Murrieta City Council voted during its Oct. 17 meeting to allocate grant money to seven nonprofit organizations in the area.
The city had $43,000 to give to local organizations—despite receiving requests totaling $126,000 from 11 separate organizations.
“This is the hardest thing that your council gets to do,” Murrieta Mayor Rick Gibbs said during the meeting. “All those other things you see on the agenda, there’s a great deal of objectivity to those. This is a little more subjective.”
Further complicating matters, county regulations stipulate that the minimum amount a city can allocate to any organization is $5,000, said Izzy Murguia, a management analyst for the city, leaving the city with no way to fund every organization that asked for funding.
“There is no right answer here, because no matter what we do, somebody who should have been funded, won’t be funded,” Gibbs said.
The city receives the Community Development Block Grant money from the U.S. Department of Housing and Urban Development via the Riverside County Economic Development Agency.
About $289,000 was given to the city to allocate for 2018-2019, but only 15 percent can be given to community development programs, leaving $43,000 amount for the city to give to local organizations.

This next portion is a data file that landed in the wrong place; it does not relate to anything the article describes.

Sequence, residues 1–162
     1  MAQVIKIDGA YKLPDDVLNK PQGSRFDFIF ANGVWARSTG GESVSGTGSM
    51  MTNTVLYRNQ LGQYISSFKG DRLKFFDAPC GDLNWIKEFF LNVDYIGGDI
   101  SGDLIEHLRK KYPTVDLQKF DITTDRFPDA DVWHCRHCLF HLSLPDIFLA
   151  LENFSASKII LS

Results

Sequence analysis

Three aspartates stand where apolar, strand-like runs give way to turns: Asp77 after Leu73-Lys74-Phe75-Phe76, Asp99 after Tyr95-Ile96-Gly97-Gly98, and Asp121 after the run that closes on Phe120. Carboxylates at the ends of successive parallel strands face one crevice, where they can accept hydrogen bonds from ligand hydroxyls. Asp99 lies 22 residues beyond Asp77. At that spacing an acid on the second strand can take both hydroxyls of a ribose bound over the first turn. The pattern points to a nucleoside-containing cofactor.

The rest of the money went to a pedestrian safety program, Murguia said.
Federal rules require that funds must go to organizations that benefit individuals with low to moderate incomes, aid in prevention or elimination of blight and meet community development needs with a particular urgency.
The city council identified food pantries, women’s programs, domestic violence prevention programs and children and youth development programs as four further priorities for allocation, given the limitation of funds, Murguia said.
Assistance League of Temecula Valley, Oak Grove Center, Rose Again Foundation and Boys and Girls Club of Southwest Riverside County were all children’s organizations that received funds.
Breast cancer resource center Michelle’s Place, domestic violence prevention organization Safe Alternatives for Everyone and the Community Food Pantry of Murrieta also received funding.
The council voted to give $13,000 to the St. Martha’s Catholic Church-operated community food pantry, and $5,000 to the rest of the organizations—despite an attempt by Councilman Kelly Seyarto to increase funding for the pantry, which received $15,000 last year.
“St. Martha’s, I can’t imagine giving them less than what we’ve given in the past, because they’re only getting busier,” he said.
However, Seyarto acquiescing to other councilmembers’ proposals, the council voted 5-0 for their funding plan.
“No matter what decision I make, someone’s not going to like the decision I make,” said councilman Randon Lane. “Unfortunately for tonight, the decision, everybody in the room is not going to like, because you’re either not going to get funded or you’re not going to get enough money for what you’re requesting.”
Seyarto said when he first joined the city council in 1997, the city had about $42,000 of CDBG funds to give out.
“We were a community of 39,000 people,” he said. “Today, we’re triple that size, and we’re still splitting (almost the same amount).”